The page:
Incredibly within a year of arriving in London he was asked to give a private performance to George V and Queen Mary at Buckingham Palace on St Georges Day 1921. When Hayes arrived at the Palace, it was said that King George told his attendants: “There will be no formalities today. I shall meet Mr. Hayes man to man.” The royal recital immediately gave Hayes international prestige and he toured Britain and Europe to great success.

Roland Hayes painted by Glyn Philpott, 1923

Hugo Weisgall conducting American tenor Roland Hayes and the London Symphony Orchestra

The (Manchester) Guardian wrote of him:

The only really good tenor who has come along lately is the Negro Roland Hayes. His voice is genuine, pure warm and rich, and his artistic instincts are of the finest.

When Hayes visited Berlin in September 1923 he found the appreciation slightly harder to come by. Time magazine that year wrote:

To Germans, black men are “colonials”; they encountered them in the French line during the War; more recently, in the Ruhr. Learning that a member of this unpopular race was to appear publicly in their midst, Berliners were indignant. Protests were made to the American Ambassador against the “impertinence” of permitting a Negro to be heard on the concert stage, against the lèst majesté of offering musically scrupulous Berlin the tunes of the Georgia cotton-pickers.

Not entirely surprisingly, when Hayes appeared on stage, the audience started booing and hissing almost immediately. Hearing the noise the apprehensive singer suddenly decided to change his rehearsed programme and started the evening singing Schubert’s Du Bist Die Ruh. It was a German favourite and the crowd quietened almost immediately but by the end of the song, the audience, throwing their prejudice aside, were on their feet cheering and applauding the black American singer.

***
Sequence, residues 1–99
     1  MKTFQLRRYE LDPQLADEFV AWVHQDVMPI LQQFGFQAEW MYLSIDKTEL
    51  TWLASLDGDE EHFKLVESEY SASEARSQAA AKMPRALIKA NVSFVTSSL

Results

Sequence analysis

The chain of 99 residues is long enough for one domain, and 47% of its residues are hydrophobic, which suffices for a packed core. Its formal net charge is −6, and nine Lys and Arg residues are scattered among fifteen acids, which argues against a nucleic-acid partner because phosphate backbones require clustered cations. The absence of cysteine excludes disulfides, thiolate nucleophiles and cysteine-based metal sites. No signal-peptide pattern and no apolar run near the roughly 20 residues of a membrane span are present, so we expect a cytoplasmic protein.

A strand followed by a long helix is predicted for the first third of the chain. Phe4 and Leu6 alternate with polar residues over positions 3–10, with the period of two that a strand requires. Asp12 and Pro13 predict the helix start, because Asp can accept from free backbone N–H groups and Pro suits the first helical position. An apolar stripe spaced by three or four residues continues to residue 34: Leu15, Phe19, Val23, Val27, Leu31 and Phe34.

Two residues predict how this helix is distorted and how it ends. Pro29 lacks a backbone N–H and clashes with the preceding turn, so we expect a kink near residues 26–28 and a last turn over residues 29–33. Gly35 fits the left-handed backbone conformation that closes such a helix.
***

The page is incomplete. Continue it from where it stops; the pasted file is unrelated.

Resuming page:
Roland Hayes at the Royal Albert Hall, 1943

Exactly twenty years later the British had started to bomb Berlin seemingly on a nightly basis in the hope of breaking the city’s morale. The tide in the war had changed and American soldiers were arriving in Britain in greater and greater numbers, including approximately 130,000 segregated black Americans. In 1943 the entire indigenous black population of Britain was around only a tenth of that number.

I am fully conscious that a difficult social problem might be created if there were a substantial number of sex relations between white women and coloured troops and the procreation of half-caste children.” Herbert Morrison (the Home Secretary) in a memorandum for the cabinet, 1942.

The arrival of the black American troops caused disquiet in both the US and UK governments ostensibly because of the fear of racial mixing and miscegenation. Sir Percy James Grigg, the Secretary of State for War, advised in a circular that he intended to be sent to all senior officers in the British Army:

It is necessary for British men and women…to take account of the attitude of white American citizens. British soldiers and auxiliaries should try to understand the American attitude to the relationships of white and coloured people and that difficult problems do arise when people of different races live together.

Sir PJ, as he was known, betrayed a rather hideously ignorant and patronising attitude to black Americans in his circular. ‘Mutual esteem’ indeed.

Tom Driberg, then an Independent M.P., asked the Prime Minister in Parliament to “make friendly representations to the American military authorities asking them to instruct their men that the colour bar is not a custom of this country.” Time magazine in the US reported that Driberg’s question ‘peeled the blanket of official silence off a complex and dangerous problem’. The magazine quoted eyewitness stories such as: